THE World Rugby Corporation, which is supported by Kerry Packer, yesterday won a court order preventing the South African Rugby Football Union from signing any contracts with the Springboks or indeed making any contact with them until another hearing on Thursday.
In papers filed in Cape Town, it was revealed that 129 South African players, including all 28 of the national squad, had signed contracts with WRC and that Francois Pienaar, the World Cup-winning captain, was one of the men signing them up. The papers said Pienaar was due to be paid $300,000 (pounds 187,000) in November for his work as a WRC agent.
The move shows that WRC is not beaten yet in the struggle for global control of international rugby union. On Friday the picture looked very different when it was announced that 25 of the 28-man Springbok squad had pledged their future to Sarfu. The Australian and New Zealand rugby unions and Sarfu have already made a a pounds 360m 10-year deal with the Rupert Murdoch owned News Corporation. Friday's news was hailed by Edward Griffiths, the Sarfu chief executive: "The threat to rugby in this country has been thwarted," he said.
Yesterday, though, in thesupreme court, an interdict preventing Sarfu from "inducing certain South African players from breaching their contracts with WRC" was granted. Sarfu is also forbidden to "interfere in any manner with contractual relationships between WRC and the players". Thursday's hearing will decide whether players are legally bound to WRC contracts.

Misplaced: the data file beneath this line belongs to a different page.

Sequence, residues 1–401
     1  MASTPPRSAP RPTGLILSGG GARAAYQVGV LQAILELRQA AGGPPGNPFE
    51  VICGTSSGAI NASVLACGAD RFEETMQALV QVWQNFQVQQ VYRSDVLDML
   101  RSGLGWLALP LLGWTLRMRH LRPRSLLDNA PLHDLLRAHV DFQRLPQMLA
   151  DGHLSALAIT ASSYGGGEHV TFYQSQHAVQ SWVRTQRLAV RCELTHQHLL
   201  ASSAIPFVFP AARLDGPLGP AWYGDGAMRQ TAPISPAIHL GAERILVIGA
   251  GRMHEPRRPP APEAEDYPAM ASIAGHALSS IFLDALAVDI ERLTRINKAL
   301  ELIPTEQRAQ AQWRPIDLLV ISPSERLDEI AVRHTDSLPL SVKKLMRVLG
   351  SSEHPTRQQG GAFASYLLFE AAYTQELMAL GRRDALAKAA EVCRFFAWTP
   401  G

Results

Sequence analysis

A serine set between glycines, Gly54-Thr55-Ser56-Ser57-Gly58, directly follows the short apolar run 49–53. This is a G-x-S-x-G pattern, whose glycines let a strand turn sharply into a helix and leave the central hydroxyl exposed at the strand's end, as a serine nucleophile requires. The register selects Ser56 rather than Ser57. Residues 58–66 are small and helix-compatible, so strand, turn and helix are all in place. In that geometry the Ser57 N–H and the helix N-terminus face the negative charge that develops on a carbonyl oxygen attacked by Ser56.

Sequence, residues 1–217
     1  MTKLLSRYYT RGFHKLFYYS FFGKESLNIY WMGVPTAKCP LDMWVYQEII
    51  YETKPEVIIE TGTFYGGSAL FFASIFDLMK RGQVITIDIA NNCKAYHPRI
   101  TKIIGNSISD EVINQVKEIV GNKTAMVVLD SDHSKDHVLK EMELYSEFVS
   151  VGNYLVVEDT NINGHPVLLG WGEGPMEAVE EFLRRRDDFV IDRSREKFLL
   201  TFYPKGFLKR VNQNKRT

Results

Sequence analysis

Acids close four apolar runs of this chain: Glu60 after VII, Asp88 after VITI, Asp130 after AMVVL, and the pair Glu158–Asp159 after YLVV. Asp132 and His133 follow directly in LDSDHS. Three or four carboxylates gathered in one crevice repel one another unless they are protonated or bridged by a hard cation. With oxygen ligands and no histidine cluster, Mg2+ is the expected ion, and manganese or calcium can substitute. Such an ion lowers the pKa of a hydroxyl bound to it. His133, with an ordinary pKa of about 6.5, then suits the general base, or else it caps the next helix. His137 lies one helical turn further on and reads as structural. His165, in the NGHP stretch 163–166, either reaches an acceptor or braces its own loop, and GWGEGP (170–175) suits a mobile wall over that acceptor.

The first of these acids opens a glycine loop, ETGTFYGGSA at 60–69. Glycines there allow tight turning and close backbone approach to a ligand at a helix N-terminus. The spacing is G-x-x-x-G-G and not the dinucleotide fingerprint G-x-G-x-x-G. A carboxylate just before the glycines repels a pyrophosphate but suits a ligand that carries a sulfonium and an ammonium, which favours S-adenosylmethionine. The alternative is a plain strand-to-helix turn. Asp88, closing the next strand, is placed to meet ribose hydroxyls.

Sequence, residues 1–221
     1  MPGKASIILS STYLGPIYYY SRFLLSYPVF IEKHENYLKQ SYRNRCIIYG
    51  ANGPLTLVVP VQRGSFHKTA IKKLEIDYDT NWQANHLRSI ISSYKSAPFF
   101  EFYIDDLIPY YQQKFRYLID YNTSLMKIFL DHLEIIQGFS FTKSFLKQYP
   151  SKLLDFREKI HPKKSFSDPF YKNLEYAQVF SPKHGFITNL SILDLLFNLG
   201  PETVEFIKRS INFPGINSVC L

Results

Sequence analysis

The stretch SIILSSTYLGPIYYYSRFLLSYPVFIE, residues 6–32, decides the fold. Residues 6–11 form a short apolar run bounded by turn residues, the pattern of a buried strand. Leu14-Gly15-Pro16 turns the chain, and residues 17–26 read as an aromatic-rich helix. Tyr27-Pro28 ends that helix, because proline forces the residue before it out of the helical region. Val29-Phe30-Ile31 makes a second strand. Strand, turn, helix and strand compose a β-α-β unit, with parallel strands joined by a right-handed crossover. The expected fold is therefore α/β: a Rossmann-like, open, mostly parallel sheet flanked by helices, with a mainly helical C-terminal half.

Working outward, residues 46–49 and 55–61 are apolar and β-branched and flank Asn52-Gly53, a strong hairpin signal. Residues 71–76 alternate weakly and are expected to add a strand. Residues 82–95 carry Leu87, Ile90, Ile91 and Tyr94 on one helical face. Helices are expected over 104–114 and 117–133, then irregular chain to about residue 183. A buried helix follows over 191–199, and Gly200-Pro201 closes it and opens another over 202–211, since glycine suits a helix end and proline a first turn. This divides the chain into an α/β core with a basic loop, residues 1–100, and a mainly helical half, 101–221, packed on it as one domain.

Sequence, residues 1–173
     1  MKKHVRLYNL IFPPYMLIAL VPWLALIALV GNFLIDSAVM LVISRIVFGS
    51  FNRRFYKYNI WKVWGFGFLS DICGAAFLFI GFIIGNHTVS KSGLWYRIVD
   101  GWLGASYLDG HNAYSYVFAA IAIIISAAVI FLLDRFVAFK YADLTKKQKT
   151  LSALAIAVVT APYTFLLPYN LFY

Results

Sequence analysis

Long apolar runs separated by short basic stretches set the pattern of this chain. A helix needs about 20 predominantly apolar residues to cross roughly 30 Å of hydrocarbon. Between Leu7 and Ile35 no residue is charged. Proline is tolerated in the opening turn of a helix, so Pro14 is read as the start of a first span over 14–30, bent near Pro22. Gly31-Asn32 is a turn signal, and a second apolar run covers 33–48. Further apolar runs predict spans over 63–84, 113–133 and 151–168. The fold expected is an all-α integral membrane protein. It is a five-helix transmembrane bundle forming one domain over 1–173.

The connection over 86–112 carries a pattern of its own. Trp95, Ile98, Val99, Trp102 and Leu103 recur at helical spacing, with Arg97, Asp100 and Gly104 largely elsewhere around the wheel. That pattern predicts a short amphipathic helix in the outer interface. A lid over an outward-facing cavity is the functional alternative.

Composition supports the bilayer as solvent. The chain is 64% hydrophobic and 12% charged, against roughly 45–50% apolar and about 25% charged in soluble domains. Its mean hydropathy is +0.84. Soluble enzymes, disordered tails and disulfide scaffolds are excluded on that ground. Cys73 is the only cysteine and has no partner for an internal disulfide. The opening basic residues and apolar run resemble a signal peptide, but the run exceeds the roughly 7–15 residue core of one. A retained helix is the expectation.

Before the judgement yesterday, Ross Turnbull, the former Australia prop running WRC, made a statement from Sydney saying he expected contracts to be honoured: "We understand the Springboks have been pressured to return their WRC contracts. The atmosphere within the administration of rugby in South Africa is surrounded by threats, intimidation and misinformation."
The threats and intimidation Turnbull referred to became clear in the court papers, which stated: "On 3 August, Springbok Hennie le Roux indicated that players were being intimidated by Louis Luyt [the Sarfu president] to conclude contracts with Sarfu and to terminate any agreements they had with WRC."
The application quoted Pienaar, Le Roux and another player as saying Luyt had given them a deadline of 5pm on 4 August [last Friday] to sign with Sarfu, "or they would never play for South Africa again". Sarfu announced that all but three of the Springboks had pledged their future to the national union that lunchtime.
After the hearing, Turnbull said that he felt "sorry for the rugby players and in particular for Francois Pienaar. Can you imagine a young man in his twenties who is forced by a formidable bully such as Louis Luyt to breach his legal contract with WRC?"
Events in South Africa will be closely watched by the RFU which, it appeared, had been close to an agreement with the England squad. Malcolm Phillips, the RFU's representative, is due to resume talks with senior players early this week and the RFU are on the point of announcing a new sponsorship package. They may, of course, now be wondering whether the squad are legally bound elsewhere.
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